Thursday, 28 July 2016

Heanor Memorial Park

A couple of days ago, Malcolm and I took a fairly long walk to Heanor. We had it in mind to have a look at the Memorial Park, which we have passed on many occasions, but never actually visited.
The idea of the park was put forward at the end of the Second World War and it finally opened in 1951. The main gates were taken from the Derby Lodge entrance to Shipley Hall, donated by the Shipley Colliery company which owned the hall at the time.
A second set of entrance gates also came from the grounds of Shipley Hall and there is a centrepiece, traditional War Memorial. The memorial was added to following the Falklands War of 1982.
Now in the care of Amber Valley Council, there is a band stand and wildlife pond (sadly a little smelly and un-cared for.)
The park is planted with trees, shrubs and summer bedding and provides several bench seats for the weary walker to sit and break out the flask of coffee. So we did!
It was a good walk and well worth the effort of getting there.

Monday, 25 July 2016

High Summer

A few clouds helped to keep the temperature down a little this morning but the heat of the last week has brought many plants into flower. Our walk through Pewit Carr and around the Manor Floods this morning, was filled with the sights and scents of these high summer flowers. Among the best for fragrance were the Meadowsweet (Filipendula ulmaria).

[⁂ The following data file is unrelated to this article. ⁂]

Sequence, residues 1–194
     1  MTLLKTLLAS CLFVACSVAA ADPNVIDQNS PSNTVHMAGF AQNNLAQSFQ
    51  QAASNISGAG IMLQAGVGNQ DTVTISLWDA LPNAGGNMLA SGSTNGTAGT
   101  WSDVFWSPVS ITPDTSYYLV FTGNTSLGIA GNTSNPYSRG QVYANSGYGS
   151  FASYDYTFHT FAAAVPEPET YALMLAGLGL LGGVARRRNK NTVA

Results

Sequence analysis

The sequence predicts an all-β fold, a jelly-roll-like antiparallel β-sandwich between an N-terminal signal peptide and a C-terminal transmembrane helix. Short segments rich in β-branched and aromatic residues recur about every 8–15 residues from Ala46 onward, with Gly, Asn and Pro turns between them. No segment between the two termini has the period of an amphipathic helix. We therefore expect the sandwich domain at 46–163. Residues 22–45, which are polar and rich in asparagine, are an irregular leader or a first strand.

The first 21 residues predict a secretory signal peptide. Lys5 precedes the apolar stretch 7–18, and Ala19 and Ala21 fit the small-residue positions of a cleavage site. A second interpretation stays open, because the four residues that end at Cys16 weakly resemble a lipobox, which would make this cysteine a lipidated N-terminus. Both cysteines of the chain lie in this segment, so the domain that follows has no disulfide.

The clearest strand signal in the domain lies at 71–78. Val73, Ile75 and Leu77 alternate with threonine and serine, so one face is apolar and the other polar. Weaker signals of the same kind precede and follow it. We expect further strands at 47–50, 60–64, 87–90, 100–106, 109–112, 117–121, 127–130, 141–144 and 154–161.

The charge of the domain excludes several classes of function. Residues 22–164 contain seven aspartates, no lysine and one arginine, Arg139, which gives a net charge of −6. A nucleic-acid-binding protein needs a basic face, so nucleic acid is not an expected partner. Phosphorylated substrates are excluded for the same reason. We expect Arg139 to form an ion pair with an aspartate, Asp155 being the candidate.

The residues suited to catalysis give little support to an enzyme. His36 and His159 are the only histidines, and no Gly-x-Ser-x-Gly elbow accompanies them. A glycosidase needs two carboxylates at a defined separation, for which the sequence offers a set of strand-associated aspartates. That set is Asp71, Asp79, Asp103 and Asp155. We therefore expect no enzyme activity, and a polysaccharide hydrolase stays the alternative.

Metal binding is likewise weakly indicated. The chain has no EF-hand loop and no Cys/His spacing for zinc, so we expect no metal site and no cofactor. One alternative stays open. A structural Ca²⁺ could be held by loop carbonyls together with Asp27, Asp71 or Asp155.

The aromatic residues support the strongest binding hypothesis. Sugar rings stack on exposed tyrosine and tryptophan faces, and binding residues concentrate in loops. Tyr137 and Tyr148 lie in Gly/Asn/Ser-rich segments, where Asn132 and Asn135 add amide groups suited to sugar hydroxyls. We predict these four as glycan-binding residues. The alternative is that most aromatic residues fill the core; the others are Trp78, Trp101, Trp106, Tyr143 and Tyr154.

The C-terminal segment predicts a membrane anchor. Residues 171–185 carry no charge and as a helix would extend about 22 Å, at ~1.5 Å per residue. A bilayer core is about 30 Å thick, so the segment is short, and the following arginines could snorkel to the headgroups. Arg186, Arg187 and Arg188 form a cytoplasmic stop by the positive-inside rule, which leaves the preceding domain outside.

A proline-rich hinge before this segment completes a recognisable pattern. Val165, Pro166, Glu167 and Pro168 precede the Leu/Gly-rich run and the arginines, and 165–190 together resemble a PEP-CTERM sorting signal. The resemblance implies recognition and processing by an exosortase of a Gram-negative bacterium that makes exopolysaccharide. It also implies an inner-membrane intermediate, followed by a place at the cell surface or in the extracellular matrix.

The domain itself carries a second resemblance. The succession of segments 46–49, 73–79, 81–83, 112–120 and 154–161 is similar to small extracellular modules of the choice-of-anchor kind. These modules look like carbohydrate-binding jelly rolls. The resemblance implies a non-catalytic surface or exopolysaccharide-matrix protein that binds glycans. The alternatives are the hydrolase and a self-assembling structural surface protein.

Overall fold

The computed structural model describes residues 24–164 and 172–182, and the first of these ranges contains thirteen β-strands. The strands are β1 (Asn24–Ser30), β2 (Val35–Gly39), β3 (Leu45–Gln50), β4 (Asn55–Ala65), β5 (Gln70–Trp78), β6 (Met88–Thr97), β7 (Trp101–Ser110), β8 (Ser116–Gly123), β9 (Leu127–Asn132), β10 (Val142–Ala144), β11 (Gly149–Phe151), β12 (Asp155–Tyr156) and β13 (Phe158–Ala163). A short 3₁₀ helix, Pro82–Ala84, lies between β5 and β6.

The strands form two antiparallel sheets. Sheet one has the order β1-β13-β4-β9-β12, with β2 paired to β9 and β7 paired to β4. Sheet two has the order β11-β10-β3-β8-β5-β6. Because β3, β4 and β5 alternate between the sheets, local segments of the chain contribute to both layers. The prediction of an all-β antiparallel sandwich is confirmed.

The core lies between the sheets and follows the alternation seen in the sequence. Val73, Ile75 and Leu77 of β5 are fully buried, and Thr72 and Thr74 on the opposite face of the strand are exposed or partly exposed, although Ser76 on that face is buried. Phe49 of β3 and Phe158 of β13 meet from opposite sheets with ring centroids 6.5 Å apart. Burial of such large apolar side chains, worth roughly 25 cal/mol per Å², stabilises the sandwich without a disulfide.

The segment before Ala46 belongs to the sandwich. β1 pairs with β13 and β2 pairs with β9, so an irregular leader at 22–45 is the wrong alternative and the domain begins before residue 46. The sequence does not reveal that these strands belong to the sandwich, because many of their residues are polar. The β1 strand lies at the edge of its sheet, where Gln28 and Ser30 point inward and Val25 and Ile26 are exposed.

Used for centuries to flavour wines and beers and as a strewing herb, these frothy, creamy flowers are a sure sign that summer is in full swing.
Along the paths maintained by the Derbyshire Wildlife Trust, thousands of flowers were in bloom including vast numbers of Perforate st. John's-wort (Hypericum perforatum).
Spear Thistles (Cirsium vulgare) are always popular with bees and butterflies...
And the Teasels (Dipsacus fullonum) are beginning to flower too.
Despite looking superficially like thistles, these tall and stately plants are actually members of the Honeysuckle family. They are also very important for all sorts of wildlife including bees, butterflies and hoverflies while in flower and later, when the flowers have gone, birds feast on the seeds, particularly Goldfinches.

Saturday, 23 July 2016

Crawling Things

It's that time of year when the garden seems to be filling with creepy-crawlies. Among the more common and certainly the most numerous of these has to be the Black or Common Garden Ant (Lasius niger.) These little insects are a mixed blessing for the gardener. They help by eating many other insects which are not so favourable, but they also 'farm' aphids for their honeydew and no-one likes an aphid! In our garden at the moment, a nest of Black Ants has been formed in our compost bin and in the warm weather, many winged individuals are beginning to appear.
These winged ants are all males, produced by the Queen when it's time for nuptial flights to occur. They will take to the air to mate with less common, winged females, the immature Queens.
Their scuttling movements are tricky to photograph in the dim light of the compost bin but as such, this movement has come out well in the photo.
Another 'crawling thing' crossed our path a few days ago as we went out for our walk. A Devil's Coach-horse Beetle (Ocypus olens.)